In an effort to head off a potential swine flu epidemic in 1976—which turned out to be much less of a threat than initially feared—the U.S. opened mass flu vaccination centers in convention centers and town halls and managed to immunize 40 million Americans in a matter of months, Offit says. There may be lessons to draw from here. Several U.S. cities are beginning to open up big public venues to serve as similar large-scale vaccination locations, and the U.K. has opened seven such centers and is promising a network of up to 50. But the problem with mass vaccination centers in the midst of a raging pandemic is that social distancing must be carefully maintained while people are waiting in line for their shots. “You don’t want the vaccination centers to become superspreader sites,” Schwartz says.

Another problem weighing on the vaccination drive this time that wasn’t a factor in the past: In many places, doctors and nurses are already working around-the-clock caring for hospitalized COVID-19 patients. They can’t easily be spared to give inoculations. In 1976, the flu vaccine was administered using a pneumatic gun, rather than a conventional needle and syringe. This allowed anyone, with a minimal amount of training, to safely and easily serve as vaccinators, Offit says.

Such technology is not currently being considered for the COVID-19 vaccines—in fact, the World Health Organization no longer recommends such jet injectors be used for vaccines because of safety risks—but figuring out ways to allow people without medical training to administer the vaccine may be crucial to increasing the speed of the immunization effort. In Britain, the government has begun recruiting volunteers from the general public who will be trained to give injections in the new mass vaccination centers to avoid further straining doctors and nurses. The U.S. plans to rely heavily on private pharmacies, particularly those owned by Walgreens and CVS, which between them represent some 20,000 sites around the U.S., Schwartz says. In the U.K., private pharmacies, which are already accustomed to providing seasonal flu jabs, have also told the government they could serve as vaccination hubs. Pharmacies also already have in place the kinds of technology—electronic databases and automatic text messaging—needed to help remind people to get their second doses of the vaccine at the right time, a significant concern given that experience with previous multi-dose inoculations in adults has shown that as many as a quarter of people fail to get their second jabs, Offit says.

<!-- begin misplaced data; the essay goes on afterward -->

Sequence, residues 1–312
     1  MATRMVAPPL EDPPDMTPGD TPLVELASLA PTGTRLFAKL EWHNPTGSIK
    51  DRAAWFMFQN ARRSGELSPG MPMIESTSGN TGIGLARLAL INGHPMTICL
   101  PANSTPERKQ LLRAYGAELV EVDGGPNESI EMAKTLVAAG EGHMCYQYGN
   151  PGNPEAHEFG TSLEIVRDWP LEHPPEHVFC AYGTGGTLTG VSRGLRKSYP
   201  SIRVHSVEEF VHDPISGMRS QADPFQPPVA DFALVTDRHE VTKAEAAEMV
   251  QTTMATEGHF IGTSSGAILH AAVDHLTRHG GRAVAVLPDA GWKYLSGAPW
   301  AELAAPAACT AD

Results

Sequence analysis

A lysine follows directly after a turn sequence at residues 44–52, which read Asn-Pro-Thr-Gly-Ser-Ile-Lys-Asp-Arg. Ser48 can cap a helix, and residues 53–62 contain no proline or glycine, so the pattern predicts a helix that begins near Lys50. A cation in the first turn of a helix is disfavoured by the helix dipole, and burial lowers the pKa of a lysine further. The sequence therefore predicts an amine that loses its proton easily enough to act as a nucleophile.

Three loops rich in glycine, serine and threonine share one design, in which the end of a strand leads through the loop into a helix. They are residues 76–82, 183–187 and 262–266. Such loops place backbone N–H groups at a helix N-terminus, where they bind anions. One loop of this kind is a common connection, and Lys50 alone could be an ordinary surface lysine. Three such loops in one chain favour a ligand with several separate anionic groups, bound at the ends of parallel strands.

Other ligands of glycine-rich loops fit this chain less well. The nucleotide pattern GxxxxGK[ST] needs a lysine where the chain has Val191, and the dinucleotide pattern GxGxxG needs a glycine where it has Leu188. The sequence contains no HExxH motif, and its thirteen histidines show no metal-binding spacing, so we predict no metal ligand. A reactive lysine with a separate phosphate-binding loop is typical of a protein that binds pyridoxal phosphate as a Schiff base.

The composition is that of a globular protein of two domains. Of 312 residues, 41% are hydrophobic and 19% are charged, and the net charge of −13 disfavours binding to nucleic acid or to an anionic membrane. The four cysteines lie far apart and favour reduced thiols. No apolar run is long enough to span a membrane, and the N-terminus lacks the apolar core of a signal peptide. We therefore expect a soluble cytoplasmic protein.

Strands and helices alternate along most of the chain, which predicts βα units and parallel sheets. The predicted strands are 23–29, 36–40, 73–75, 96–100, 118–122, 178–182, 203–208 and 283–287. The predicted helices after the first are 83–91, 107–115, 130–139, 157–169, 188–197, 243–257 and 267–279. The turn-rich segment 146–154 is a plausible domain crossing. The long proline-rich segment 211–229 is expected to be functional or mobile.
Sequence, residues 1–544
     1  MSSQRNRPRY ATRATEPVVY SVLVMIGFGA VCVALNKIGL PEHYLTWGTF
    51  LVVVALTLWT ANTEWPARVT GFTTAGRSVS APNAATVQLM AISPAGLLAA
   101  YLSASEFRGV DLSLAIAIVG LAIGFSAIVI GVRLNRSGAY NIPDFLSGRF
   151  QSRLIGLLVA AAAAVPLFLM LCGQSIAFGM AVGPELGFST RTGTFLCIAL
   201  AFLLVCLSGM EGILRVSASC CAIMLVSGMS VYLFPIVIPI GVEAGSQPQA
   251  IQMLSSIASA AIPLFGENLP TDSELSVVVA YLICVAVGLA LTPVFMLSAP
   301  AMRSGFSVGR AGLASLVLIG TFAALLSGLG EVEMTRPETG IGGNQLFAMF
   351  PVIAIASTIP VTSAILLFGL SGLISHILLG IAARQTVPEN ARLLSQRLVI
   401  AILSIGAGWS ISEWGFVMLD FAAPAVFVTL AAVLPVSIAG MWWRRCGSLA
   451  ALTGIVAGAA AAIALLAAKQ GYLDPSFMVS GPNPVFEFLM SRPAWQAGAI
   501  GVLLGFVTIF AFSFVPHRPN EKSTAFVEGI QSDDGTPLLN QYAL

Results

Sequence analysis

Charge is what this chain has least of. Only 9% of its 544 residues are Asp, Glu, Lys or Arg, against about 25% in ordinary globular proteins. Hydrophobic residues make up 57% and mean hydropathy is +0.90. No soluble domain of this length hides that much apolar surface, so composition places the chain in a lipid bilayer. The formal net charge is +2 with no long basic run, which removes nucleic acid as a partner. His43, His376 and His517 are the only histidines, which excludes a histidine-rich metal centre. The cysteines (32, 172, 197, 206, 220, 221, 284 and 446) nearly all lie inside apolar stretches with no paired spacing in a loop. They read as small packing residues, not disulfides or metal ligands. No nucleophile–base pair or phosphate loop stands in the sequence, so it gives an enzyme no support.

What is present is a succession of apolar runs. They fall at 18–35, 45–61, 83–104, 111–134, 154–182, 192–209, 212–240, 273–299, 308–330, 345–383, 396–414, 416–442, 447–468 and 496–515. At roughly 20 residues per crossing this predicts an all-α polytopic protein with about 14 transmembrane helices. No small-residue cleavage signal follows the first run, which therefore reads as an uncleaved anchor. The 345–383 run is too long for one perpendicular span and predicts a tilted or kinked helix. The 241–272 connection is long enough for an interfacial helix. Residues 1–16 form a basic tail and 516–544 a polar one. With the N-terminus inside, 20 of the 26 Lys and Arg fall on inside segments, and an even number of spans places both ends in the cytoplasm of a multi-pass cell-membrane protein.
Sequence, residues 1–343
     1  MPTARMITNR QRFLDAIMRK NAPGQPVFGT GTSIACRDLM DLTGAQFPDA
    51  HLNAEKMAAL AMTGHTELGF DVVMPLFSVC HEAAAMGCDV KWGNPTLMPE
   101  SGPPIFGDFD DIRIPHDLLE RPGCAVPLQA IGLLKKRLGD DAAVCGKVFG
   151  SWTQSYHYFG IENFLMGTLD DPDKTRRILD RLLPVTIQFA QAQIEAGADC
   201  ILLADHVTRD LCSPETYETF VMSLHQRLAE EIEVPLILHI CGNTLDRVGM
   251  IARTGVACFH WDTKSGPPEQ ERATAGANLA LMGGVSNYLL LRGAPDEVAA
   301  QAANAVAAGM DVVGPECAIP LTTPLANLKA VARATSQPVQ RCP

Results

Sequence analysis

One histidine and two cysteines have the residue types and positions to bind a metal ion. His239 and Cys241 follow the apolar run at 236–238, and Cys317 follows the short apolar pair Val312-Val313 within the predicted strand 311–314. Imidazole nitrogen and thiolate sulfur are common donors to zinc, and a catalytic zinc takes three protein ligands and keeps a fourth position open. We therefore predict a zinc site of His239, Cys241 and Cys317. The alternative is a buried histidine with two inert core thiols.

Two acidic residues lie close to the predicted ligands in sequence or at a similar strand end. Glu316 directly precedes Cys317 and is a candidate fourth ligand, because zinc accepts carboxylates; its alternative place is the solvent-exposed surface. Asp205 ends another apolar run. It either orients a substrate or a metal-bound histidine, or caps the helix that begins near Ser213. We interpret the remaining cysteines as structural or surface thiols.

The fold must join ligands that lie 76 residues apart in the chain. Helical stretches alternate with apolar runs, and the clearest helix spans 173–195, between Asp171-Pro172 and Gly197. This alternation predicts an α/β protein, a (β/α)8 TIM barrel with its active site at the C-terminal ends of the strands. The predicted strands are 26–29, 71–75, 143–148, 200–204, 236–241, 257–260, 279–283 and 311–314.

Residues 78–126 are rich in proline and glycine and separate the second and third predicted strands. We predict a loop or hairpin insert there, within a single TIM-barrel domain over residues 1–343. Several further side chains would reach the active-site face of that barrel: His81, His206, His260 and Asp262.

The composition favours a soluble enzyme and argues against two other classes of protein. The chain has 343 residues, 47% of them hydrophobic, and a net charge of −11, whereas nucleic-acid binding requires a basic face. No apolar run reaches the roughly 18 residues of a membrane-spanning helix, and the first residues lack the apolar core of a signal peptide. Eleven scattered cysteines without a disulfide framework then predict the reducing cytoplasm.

Previous vaccination drives also took place amid a very different environment in terms of public anxiety around vaccinations. Surveys have shown that only about 60% of Americans intend to get a coronavirus vaccine, with many of those who are reluctant citing safety concerns as the reason for their hesitancy.

In contrast, the 1950s battle against polio succeeded despite a catastrophic safety problem in the first months of the immunization drive: Known as the Cutter Incident, it involved a batch of the vaccine, made by Cutter Laboratories, in which the live polio virus had not been properly inactivated. The vaccine resulted in about 40,000 cases of polio, including the deaths of 10 children and 200 others left with varying degrees of paralysis. Alarm over the debacle is what severely slowed the U.K. vaccination drive. But in the U.S., while vaccinations were suspended for three weeks while the March of Dimes and the U.S. government investigated and put new safeguards in place, the disaster had almost no discernible effect on people’s willingness to have their children immunized. “It is hard to imagine a vaccination program today surviving a safety lapse as bad as that,” Schwartz says. “Yet they got back on their feet within weeks.”

Another lesson from the polio eradication efforts was the importance of clear public health messages, and the use of celebrities, such as Elvis, who was vaccinated live on The Ed Sullivan Show in 1956, to build public confidence in the inoculations, Mawdsley says. But in today’s more fragmented popular culture, he says, public health officials should be “trying to identify different celebrities for different demographic groups” who can help promote vaccination.

It is also important to remember that our perceptions about what constitutes a successful immunization drive has changed significantly in the past half-century. “The idea that you can vaccinate everybody is a relatively modern phenomenon,” Millward says, noting that before the widespread use of computerized records in the 1980s and text messaging to mobile phones in the 1990s, such a goal would have been impractical. Today, he says, a 75% vaccination rate is seen as an abject failure, whereas in the 1950s it was seen as a brilliant success.

So today’s exasperation with the pace of the vaccine drive may seem misplaced by historical standards. But our impatience seems to grow in proportion to our technological capabilities.